Could anything be more dead, more mute and inexpressive to the inexpert eye than the ochreous fragments of bone and the fractured lumps of flint that constitute the first traces of something human in the world? We see them in the museum cases, sorted out in accordance with principles we do not understand, labelled with strange names. Chellean, Mousterian, Solutrian and the like, taken mostly from the places Chelles, La Moustier, Solutre, and so forth where the first specimens were found. Most of us stare through the glass at them, wonder vaguely for a moment at that half-savage, half-animal past of our race, and pass on. "Primitive man," we say. "Flint implements. The mammoth used to chase him." Few of us realize yet how much the subtle indefatigable cross-examination of the scientific worker has been extracting from the evidence of these rusty and obstinate witnesses during the last few years.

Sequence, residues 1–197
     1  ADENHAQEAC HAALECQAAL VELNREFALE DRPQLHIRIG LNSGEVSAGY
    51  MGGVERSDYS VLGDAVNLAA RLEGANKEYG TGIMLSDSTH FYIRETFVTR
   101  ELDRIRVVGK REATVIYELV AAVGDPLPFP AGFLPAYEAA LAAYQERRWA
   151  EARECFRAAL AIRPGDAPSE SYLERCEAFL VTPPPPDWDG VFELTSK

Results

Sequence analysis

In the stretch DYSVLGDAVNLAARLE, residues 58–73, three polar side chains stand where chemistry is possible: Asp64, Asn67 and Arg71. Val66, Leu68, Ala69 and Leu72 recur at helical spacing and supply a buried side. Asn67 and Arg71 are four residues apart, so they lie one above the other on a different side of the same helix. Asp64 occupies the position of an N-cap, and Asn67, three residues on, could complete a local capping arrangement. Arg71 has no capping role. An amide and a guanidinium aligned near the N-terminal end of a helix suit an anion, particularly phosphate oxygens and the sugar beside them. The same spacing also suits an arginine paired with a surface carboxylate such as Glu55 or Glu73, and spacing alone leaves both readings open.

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About the Author
H.G. Wells (1866-1946) published his first novel, The Time Machine, to critical and popular acclaim in 1895. Socially progressive and visionary in intellect, he became one of the most prolific writers of his generation. Through books like The Invisible Man and War of the Worlds, he explored a wide variety of social, philosophical, and political ideas through the medium of what we now call science fiction.
Date of Birth:September 21, 1866
Date of Death:August 13, 1946
Place of Birth:Bromley, Kent, England
Place of Death:London, England
Education:Normal School of Science, London, England